1. If a VFD is written to allow VFD drugs to be used in feed in combination with OTC drugs using the affirmation statements, do the withdrawal time, special instructions, and cautionary statements need to include both drugs, or just the VFD drug?
  2. I am a distributor/client who receives electronic VFDs and paper VFDs from veterinarians or clients. I would like to store these VFDs as electronic PDFs to meet the VFD regulation for retention. Can I archive required records in a standard electronic file format such as PDF, XML, or SGML?
  3. If a staff veterinarian writes a VFD for a company-owned feedmill, for company animals, does the company need to retain one or three copies of the VFD?
  4. I am a client that has multiple premises. Do I need to keep a copy of the VFD at each of those premises?
  5. Can I authorize a feed through pesticide to be used in a VFD feed? If so, how do I do that?
  6. If the VFD has expired for a batch of feed, can I reissue a VFD to use the remaining feed?
  7. Pm a veterinarian and I also want to sell VFD feed. What do I have to do?
  8. If I’m licensed in one State, can I write a VFD for animals located in another State? What if I have a temporary license in the State where the animals are located?
  9. If a VFD label has a duration range in which a VFD can be fed (e.g., 21-42 days), and I authorize the use of the VFD for the full 42 days, can the client decide when to stop feeding the VFD feed after the minimum provided in the range?
  10. What if the label for the VFD drug uses the dosage (e.g., mg/head/day) instead of the level of the drug (e.g., g/ton) in the feed? Can I just include the dosage on the VFD?
  11. Can I assign an extended withdrawal to a VFD medication even though the producer will be using the VFD feed as labeled (i.e., no Extralabel use)?
  12. Can I work with a feed distributor, nutritionist, or other animal health professionals in order to write a VFD?
  13. My client will have multiple groups of animals moving through their farm during the time period the VFD covers. Can I write the VFD to include the successive groups of animals that will be on the farm during the time period?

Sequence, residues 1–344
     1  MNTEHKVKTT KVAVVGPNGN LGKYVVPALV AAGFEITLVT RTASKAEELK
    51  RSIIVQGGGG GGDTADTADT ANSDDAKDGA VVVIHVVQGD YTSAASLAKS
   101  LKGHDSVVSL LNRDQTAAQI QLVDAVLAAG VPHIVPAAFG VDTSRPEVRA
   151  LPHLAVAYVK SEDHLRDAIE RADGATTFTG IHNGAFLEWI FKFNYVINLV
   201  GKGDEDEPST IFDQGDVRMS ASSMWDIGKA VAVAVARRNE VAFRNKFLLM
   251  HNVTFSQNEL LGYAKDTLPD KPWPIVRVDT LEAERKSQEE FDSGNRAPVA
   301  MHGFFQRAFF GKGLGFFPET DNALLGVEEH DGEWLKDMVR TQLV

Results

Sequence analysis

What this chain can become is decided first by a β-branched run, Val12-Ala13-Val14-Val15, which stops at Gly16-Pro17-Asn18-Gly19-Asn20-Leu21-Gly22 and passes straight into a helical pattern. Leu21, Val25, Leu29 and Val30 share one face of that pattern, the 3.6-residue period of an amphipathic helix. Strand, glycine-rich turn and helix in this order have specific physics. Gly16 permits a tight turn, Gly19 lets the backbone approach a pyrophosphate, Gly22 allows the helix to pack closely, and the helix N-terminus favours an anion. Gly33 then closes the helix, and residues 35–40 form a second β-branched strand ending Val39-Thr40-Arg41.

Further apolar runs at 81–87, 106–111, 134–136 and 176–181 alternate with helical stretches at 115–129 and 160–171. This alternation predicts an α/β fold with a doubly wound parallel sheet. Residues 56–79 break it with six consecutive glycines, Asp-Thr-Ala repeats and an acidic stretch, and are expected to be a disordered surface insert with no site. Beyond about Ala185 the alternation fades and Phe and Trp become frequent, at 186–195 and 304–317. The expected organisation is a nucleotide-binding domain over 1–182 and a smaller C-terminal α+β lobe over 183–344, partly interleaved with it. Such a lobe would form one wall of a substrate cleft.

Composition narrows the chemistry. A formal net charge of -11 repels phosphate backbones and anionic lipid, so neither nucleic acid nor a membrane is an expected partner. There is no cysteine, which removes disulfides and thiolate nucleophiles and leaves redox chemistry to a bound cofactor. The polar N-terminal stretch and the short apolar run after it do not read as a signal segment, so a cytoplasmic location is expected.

14. Some drug labels have different wording for the duration of use. For example, some say feed for X days and some say feed up to X days. How should I fill out the duration of use on the VFD?
  15. Our veterinary clinic has multiple veterinarians. Can any of our veterinarians write a VFD for any of our clients?
  16. My client wants to use the VFD to receive a Type B medicated feed. Do I fill out the VFD with the Type B information?
  17. My client has minor species. I would like to write a VFD for a therapeutic use of a medicated feed, but there is not an approval for this species What should I do?
  18. Do I need to have a laboratory confirmation of disease prior to writing a VFD?
  19. If a veterinarian makes a mistake on a VFD and wants to go back and make corrections to the VFD rather than fill out a new VFD, can the veterinarian do that?
  20. My client has requested a new VFD to replace the former VFD that will soon expire. Can I fill out the new VFD ahead of time and date it to begin when the previous VFD expires?
  21. Who is a distributor?
  22. Am I considered a distributor if I manufacture feed in my feed mill and deliver it to animals that I own, but are kept in a barn that is not mine and raised by a contract grower?
  23. Can a distributor distribute a VFD feed to a representative of the client (e.g., a family member, or employee)?
  24. Can an acknowledgment letter be written to cover multiple shipments of VFD feed?
  25. I manufacture a VFD feed and ship a VFD feed to a farmer, but the sales transaction is handled through a dealer who does not physically take possession of or distribute the VFD feed. What are my responsibilities and what are the dealer’s responsibilities?
  26. What is needed in a distributor notification and can a distributor notification cover multiple locations?
  27. What is needed in an acknowledgment letter and can an acknowledgment letter cover multiple locations between the distributors?
  28. Do I need to hold VFD drugs or feed in a secure or locked area?
  29. Do I have to repackage VFD feed into smaller amounts if the client does not need all of the VFD feed in a bag? If I don’t repackage, will I be responsible for keeping track of the extra amount the client has on hand?
  30. I am a distributor with multiple locations. Can I fill a VFD from any of my locations?
  31. I am a distributor with multiple locations. Do I need a VFD or acknowledgment letter to transfer VFD feed between my locations?
  32. Can I provide a client with nutritionally different diets over the duration of use for a VFD?
  33. The client wants to purchase a Type B medicated feed under the VFD. If I distribute a Type B medicated feed, what are my responsibilities and what are the animal producer’s responsibilities?
  34. I want to distribute a Type A medicated article to a client. Do I need a VFD from the client? Are there additional requirements for distributing Type A medicated articles?
  35. Now that the VFD has the approximate number of animals instead of the amount of feed, what are my responsibilities as a distributor to make sure that the client is not receiving too much feed under the VFD? Will the FDA take enforcement action against me if a client over-orders or misuses a VFD feed?
  36. Can I manufacture VFD feed to have on hand before a client comes in with a VFD?
  37. Do I have to use the same distributor to obtain all of the VFD feed on a VFD?